Last week, one of my friends brought over a book to keep me occupied while I was stuck at home. I'd told her before that I loved this series of vet/animal stories by James Herriot and she kept saying that I'd love 'Doctor in the house' by Richard Gordon. So during her recent visit home to Australia, she grabbed it off her bookshelves and brought it to Singapore for me.
Well, I finally got around to reading last night and I did love it. But the best part was when I got to the end of the book where the protagonist, a medical student, is describing his final year exams - an episode in a clinic where the patient he was treating knew so much about her own illness that he was able to pass off her accurate diagnosis as his own and passed with flying colours.
I read that through with a feeling of incredulity - it could not be... but then it was! The chapter ends with a memorable anecdote of one of the medical students flunking out his practical exam with a flourish. The poor chap was told to deliver a baby from a papier mache model of a pregnant woman and in his urgency to get the baby out, he flung the "mother" and the "baby" over his head. The furious examiner then picks up the "baby", hands it over to the student and says: "Here, hit the father with this and you'd have killed the whole damn family..."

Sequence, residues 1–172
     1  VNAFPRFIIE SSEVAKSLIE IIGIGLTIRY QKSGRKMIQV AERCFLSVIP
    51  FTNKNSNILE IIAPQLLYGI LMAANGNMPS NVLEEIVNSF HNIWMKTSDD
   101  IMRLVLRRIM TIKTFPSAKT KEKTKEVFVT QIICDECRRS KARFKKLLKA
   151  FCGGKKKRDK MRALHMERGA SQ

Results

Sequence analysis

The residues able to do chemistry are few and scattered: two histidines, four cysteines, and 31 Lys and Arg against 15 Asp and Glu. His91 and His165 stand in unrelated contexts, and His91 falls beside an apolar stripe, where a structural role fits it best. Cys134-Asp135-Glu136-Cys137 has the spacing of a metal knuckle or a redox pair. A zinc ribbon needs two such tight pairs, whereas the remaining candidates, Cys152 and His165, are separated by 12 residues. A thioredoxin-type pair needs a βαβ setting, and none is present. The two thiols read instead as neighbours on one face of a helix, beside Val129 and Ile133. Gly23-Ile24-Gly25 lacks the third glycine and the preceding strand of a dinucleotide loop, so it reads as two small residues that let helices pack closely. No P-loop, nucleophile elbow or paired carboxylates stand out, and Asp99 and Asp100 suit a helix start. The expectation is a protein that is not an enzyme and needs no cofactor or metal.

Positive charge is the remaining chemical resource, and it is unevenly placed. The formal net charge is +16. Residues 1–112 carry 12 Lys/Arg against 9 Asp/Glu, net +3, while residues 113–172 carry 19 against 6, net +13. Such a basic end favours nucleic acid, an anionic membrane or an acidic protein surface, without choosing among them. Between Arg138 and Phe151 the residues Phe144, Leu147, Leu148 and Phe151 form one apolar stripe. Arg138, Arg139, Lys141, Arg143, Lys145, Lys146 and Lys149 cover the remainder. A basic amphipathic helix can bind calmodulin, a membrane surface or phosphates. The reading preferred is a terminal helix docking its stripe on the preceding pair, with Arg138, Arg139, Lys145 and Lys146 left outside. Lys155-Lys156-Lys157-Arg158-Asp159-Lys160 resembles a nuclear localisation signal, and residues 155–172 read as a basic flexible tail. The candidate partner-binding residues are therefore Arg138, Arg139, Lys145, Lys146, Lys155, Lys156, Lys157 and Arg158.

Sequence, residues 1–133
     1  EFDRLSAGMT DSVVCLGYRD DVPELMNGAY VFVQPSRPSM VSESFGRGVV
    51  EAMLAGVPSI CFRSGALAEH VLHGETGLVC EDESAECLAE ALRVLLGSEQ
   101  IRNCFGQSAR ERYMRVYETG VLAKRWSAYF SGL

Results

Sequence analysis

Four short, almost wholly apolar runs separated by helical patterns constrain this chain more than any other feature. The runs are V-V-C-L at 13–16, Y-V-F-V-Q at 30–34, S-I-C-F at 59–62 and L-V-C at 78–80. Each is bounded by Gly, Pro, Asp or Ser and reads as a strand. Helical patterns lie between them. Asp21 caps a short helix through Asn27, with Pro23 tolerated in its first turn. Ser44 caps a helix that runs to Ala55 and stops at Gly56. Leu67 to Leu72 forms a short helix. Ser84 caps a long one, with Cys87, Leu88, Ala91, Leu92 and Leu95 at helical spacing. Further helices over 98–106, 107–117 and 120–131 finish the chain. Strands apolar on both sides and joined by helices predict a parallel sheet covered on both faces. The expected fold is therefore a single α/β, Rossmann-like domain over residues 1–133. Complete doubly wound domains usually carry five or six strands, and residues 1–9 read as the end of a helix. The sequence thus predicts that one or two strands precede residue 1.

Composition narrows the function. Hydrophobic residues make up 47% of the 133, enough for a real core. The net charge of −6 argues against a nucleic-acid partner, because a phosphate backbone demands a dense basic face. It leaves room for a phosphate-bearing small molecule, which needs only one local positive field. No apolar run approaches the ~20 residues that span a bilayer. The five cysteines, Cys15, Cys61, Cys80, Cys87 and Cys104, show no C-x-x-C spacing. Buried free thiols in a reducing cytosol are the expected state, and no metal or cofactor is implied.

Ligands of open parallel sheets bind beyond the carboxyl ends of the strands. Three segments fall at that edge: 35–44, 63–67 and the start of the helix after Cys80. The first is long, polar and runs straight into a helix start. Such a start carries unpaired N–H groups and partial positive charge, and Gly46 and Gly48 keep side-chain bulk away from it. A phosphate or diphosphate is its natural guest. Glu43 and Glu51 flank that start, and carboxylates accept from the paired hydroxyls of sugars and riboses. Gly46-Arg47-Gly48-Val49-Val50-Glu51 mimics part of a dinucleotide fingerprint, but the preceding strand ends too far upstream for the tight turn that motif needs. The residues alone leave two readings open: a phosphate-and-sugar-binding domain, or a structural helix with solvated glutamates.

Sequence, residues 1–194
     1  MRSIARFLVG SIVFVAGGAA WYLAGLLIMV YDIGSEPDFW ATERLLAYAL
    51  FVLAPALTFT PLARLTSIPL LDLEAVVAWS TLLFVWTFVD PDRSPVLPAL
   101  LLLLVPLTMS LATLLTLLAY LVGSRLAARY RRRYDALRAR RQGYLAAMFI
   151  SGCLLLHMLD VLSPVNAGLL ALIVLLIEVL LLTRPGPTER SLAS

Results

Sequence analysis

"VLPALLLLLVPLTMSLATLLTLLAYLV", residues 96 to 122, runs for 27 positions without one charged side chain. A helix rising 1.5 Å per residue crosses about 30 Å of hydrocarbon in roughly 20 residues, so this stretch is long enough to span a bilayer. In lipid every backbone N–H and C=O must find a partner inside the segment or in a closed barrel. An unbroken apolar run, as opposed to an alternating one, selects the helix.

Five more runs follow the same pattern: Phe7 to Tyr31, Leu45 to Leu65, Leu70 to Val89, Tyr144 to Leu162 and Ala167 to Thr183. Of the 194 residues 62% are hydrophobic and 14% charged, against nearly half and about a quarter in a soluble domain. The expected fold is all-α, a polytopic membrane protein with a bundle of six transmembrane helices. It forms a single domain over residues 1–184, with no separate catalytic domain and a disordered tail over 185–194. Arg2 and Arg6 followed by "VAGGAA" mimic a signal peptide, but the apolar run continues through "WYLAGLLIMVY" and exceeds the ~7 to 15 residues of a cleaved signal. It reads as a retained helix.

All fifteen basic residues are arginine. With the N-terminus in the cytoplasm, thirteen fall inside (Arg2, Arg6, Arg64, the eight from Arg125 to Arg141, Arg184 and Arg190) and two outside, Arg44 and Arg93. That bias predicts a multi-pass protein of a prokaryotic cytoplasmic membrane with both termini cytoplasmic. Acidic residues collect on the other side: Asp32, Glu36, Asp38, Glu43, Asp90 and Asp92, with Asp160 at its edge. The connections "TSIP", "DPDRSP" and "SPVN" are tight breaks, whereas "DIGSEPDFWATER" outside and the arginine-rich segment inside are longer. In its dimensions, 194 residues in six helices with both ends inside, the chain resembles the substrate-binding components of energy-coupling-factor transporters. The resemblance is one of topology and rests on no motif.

The entire passage about the medical exam - with that fantastic anecdote - was used for one of my English comprehension questions in school. I'm sure of it; I remember enjoying the story so much, I wished I could have read the whole book - and now I have!
I can't believe I recognized the story (hey it must have been 15 years ago!) and I am amazed at the way the book eventually found its way into my hands :)
Perhaps no one else the world gets this feeling but recognizing a story that way is lovely - very much like stepping into a party and recognizing the face of a dear friend in the crowd, one that you haven't met in a long time but would love to catch up with.
Or better yet, meeting a new friend who is such a kindred spirit that it's almost as though you "recognize" her/him even though you've only just met.